A Haskell Microservice

James Carlson
2 min readFeb 18, 2021

The other day I needed a little server app that would receive data as an HTTP request and save it on disk in a specified directory. Each data record consisted of a file path and the the file contents in the form

{ fileName: String, contents: String }

The request was to be a POST request with url http://localhost:8077/save. There was to be one other endpoint, GET http://localhost:8077/hello. The server would respond with “Yes, I am here.” Useful for checking on whether the server was alive. Let’s name this app filingService.

I had written two other Haskell microservices before, e.g, pdfServer, which receives LaTeX files via POST request, saves the file to disk, converts it to PDF, and replies with a link to the PDF file. Again, a single-purpose program.

It was a simple matter to reshape the code of pdfServer to make filingService. The reshaping consisted mostly of deleting code, an activity that I’ve come to greatly enjoy. Starting with 171 lines of code in three files, I ended up with 58 lines in two files, Main.hs and Document.hs. Here is the code for the principle function of module Main:

main = scotty 8077 $ do
middleware corsPolicy
middleware logStdoutDev
get "/hello" $ do
html $ mconcat ["Yes, I am still here\n"]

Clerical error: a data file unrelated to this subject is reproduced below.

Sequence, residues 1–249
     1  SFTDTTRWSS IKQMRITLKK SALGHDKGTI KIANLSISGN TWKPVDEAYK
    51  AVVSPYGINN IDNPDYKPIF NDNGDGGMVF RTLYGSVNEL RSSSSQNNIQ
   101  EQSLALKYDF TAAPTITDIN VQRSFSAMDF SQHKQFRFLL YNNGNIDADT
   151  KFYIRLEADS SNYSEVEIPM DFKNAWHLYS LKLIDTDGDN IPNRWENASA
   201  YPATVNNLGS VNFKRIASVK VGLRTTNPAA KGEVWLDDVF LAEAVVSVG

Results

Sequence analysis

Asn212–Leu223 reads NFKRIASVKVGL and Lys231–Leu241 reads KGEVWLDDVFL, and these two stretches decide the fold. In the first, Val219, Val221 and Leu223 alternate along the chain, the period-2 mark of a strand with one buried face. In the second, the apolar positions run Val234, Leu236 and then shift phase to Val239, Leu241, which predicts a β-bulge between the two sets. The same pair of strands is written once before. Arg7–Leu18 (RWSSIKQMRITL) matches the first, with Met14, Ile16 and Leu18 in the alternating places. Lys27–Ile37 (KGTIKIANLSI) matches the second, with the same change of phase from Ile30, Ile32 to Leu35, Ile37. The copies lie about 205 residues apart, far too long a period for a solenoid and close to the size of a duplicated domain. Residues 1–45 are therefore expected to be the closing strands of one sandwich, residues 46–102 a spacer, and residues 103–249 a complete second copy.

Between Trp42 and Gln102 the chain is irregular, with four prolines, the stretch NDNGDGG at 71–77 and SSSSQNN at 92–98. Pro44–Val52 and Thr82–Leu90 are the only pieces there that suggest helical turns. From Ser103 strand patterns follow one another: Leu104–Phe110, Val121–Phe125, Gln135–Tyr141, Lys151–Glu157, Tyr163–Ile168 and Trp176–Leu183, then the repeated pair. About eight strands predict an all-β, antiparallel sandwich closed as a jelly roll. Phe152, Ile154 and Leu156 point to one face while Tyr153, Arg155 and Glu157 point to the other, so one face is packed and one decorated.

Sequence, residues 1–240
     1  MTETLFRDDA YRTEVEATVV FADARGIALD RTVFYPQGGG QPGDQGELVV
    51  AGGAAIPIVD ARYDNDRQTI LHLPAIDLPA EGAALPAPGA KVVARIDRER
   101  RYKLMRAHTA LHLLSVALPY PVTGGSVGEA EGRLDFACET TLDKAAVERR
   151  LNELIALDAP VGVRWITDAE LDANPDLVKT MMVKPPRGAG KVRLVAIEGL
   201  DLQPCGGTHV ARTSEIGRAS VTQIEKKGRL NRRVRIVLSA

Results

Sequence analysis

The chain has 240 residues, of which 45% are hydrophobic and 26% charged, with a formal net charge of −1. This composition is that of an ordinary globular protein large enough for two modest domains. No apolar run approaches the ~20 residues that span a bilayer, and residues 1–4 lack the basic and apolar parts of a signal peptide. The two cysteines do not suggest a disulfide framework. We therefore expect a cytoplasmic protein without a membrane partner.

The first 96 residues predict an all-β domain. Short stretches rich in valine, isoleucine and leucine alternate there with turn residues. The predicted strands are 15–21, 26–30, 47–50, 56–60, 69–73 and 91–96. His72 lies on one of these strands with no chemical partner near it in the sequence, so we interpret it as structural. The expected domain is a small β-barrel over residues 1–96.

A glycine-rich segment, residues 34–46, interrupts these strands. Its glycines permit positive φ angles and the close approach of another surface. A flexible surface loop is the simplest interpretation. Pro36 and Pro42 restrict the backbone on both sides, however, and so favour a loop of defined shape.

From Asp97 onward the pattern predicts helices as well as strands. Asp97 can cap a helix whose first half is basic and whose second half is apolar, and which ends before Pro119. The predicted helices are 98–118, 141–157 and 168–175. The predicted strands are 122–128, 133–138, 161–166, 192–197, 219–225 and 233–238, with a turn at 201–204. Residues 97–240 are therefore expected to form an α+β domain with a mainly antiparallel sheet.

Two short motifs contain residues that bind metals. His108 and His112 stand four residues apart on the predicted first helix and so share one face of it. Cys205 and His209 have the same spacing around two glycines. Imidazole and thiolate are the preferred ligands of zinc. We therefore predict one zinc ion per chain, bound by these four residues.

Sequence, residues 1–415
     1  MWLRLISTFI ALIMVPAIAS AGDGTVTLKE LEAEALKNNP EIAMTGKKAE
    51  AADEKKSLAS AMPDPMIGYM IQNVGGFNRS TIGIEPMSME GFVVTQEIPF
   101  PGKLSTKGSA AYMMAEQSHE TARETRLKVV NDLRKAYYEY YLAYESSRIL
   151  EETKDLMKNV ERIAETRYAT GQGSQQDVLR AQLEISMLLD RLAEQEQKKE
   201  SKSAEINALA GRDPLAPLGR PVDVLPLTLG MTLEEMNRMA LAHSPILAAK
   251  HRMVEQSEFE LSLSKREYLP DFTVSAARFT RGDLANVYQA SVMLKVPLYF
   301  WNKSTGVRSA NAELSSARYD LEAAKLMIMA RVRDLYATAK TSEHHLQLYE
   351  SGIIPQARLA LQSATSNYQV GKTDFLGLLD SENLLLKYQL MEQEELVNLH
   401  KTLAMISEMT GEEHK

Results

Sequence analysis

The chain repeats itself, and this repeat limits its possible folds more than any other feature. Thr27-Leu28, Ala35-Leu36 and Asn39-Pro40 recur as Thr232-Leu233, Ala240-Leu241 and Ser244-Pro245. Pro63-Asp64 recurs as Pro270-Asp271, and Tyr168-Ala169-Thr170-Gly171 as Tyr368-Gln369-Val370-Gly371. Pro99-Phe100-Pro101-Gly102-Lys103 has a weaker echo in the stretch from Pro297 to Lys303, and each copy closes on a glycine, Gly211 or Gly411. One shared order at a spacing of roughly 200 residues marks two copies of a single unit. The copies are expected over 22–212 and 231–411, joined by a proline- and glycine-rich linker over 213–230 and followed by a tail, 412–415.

post "/save" $ do
document <- jsonData :: ActionM Document
liftIO $ Document.write document
middleware $ staticPolicy (noDots >-> addBase "filingService")

Short, to the point, with a clear statement of the program’s intention. The other module, Document, defines the type of a document and sets forth what one can do with one, namely convert to and from JSON or write it to a file. Just 20 lines of code here, excluding import statements.

Simplicity and Clarity

What I like best about such programs is their simplicity and clarity. Very short, they do just one thing, and one can easily see how the code relates to the problem solved. The code for filingService, which is on GitHub, uses the Scotty library. Not as sophisticated as Servant, but simpler to use (IMHO) and more than adequate for the task at hand.

Note

I’ve used both filingService and pdfServer to support Elm apps that I’ve been working on. One of these is minilatex.lamdera.app, illustrated in the figure below. It is for creating, editing, and distributing LaTeX docs on the web. Real time rendering! Give it a try and let me know if it works for you.

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